Reckless credit granting often is a reason why a consumer is over-indebted. A person or a body that grants credit should determine whether the consumer will be able to afford repaying before credit is granted to such consumer. This is done by conducting an affordability assessment. The test for affordability is an objective one. In other words, the person conducting the assessment should on a balance of probability be convinced that the consumer will not be able to make repayments. Reckless credit granting includes the failure by a person or body to conduct an assessment as aforesaid, or concluding an agreement with a consumer who does not understand the cost risk and responsibilities of the credit agreement, or concluding an agreement with a person that will put such person in a state of over-indebtedness.
Reckless credit granting does not apply to a school loan, a student loan, an emergency loan, a public interest credit agreement, a pawn transaction, an incidental credit agreement or a temporary increase in a credit limit under a credit facility.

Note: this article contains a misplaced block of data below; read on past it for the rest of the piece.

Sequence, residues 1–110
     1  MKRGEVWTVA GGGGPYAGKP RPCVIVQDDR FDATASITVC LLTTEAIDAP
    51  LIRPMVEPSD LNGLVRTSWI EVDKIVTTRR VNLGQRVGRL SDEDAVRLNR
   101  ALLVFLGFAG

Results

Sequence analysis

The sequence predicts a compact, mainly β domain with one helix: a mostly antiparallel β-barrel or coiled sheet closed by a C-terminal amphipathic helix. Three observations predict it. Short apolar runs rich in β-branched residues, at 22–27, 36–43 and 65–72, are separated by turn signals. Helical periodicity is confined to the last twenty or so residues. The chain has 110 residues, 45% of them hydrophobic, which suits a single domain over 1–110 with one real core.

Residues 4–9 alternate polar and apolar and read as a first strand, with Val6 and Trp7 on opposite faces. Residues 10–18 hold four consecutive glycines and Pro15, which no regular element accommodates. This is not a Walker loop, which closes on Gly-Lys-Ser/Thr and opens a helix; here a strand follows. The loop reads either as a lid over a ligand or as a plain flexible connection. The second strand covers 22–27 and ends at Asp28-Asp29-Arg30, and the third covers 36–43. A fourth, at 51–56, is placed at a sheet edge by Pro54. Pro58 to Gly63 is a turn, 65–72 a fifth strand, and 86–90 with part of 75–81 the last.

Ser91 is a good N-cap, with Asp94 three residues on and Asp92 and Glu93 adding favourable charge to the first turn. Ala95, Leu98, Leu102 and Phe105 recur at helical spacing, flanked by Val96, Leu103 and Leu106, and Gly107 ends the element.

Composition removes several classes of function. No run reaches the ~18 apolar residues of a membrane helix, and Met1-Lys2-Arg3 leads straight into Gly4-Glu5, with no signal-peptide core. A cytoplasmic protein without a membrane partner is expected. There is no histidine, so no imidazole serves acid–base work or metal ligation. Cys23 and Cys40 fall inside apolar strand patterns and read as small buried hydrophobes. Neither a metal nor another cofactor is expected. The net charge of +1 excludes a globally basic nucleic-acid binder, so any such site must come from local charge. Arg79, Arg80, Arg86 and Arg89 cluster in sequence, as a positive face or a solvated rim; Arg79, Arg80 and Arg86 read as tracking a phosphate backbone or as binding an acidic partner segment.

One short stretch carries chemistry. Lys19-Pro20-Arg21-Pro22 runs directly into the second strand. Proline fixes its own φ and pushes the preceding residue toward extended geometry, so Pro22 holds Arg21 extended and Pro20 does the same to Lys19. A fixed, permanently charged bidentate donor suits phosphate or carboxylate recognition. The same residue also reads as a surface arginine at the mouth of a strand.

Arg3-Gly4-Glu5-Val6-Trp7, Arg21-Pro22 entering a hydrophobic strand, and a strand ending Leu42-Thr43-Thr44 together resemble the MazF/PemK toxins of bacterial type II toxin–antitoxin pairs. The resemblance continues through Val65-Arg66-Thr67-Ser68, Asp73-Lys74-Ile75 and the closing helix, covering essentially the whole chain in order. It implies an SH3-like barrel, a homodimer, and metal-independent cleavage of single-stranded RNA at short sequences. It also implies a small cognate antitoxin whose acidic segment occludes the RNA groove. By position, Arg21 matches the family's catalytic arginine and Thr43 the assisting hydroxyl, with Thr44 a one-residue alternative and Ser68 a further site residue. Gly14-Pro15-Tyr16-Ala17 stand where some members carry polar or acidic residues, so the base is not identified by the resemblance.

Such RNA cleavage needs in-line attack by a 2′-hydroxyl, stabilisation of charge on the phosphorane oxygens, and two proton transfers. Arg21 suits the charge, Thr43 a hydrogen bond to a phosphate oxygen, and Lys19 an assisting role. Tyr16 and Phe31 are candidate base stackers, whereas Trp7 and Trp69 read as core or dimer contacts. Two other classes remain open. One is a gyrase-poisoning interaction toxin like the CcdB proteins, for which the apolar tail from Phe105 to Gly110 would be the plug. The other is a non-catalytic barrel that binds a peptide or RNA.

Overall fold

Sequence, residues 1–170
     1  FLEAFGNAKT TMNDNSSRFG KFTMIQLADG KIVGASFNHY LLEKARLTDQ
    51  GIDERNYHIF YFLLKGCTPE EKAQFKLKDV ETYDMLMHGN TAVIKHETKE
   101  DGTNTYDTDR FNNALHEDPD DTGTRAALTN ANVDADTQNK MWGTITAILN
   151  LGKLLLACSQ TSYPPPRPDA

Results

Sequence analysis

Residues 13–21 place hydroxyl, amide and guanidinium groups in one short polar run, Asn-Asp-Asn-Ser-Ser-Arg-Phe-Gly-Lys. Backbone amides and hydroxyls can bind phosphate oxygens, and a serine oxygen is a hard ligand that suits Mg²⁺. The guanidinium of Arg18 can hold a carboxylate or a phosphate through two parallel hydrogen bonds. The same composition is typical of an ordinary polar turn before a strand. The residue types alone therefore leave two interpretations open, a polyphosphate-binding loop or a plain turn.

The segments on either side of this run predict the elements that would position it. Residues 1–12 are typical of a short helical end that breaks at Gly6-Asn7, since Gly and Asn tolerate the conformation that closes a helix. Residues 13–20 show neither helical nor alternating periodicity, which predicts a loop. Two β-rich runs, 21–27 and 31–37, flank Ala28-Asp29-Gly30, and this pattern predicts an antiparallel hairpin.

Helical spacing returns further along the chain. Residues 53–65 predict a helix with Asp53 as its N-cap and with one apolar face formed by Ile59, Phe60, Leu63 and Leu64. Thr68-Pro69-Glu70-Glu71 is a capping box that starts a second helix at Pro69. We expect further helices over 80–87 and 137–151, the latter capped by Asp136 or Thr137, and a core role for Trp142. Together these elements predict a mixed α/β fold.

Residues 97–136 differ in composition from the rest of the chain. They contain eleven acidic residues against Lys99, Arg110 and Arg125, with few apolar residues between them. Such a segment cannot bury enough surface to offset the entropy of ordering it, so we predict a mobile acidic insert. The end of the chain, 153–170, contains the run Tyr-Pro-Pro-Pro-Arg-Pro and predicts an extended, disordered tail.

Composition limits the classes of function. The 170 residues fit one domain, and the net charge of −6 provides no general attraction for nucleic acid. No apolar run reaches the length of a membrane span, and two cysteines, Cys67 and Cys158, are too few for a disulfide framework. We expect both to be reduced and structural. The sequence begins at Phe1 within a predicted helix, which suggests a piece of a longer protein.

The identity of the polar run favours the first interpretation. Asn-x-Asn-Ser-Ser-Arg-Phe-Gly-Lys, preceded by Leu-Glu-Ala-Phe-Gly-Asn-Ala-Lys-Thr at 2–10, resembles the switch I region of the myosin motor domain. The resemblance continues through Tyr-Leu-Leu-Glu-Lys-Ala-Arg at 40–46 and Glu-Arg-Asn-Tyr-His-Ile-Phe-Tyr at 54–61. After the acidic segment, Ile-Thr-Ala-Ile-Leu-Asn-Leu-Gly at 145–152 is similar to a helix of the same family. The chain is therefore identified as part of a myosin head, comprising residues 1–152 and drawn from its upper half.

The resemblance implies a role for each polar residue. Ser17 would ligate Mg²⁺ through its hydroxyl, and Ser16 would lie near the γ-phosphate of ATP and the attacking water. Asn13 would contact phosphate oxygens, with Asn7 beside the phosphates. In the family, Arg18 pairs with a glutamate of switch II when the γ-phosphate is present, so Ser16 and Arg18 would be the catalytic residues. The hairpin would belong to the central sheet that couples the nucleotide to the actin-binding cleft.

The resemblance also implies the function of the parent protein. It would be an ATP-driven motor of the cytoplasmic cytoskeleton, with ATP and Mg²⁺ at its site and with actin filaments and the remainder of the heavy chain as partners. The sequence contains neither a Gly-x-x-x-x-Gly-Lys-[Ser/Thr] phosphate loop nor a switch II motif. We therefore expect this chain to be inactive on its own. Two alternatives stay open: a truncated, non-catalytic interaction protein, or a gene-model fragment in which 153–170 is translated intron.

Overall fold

A debt counsellor has an important role to play when a person’s levels of debt are considered in studying his/her application for debt counselling. This means that a debt counsellor also has to determine whether reckless credit was granted to the consumer, and then the necessary action in terms of legislation has to be taken to protect the consumer if it appears that credit was indeed granted in a reckless manner.
A consumer may get such a certificate only after he/she has paid all debts listed in the debt counselling order or he/she has complied with all short-term credit agreements listed in the order and has only a mortgage loan that is not in arrears according to the agreed terms of the debt counselling.
No. Once an order has been granted, a consumer may stop being under debt counselling only by means of an application for setting aside the order on the grounds of the consumer no longer being over-indebted.
Yes, provided that the necessary forms are completed and the necessary steps are taken in terms of legislation.
Yes, the debt counsellor has to notify the consumer in writing of the intention to suspend the services. The consumer has 10 days to put the matter right, failing which a notice of suspension is issued by way of the necessary form.
Yes, such a transfer may take place at any stage, provided that the debt counsellor fees have been paid and the necessary forms have been completed in terms of the legislation.
Yes, under these circumstances a debt counsellor may recommend a consumer for debt counselling. This often happens in the following circumstances:
Yes, other routes are: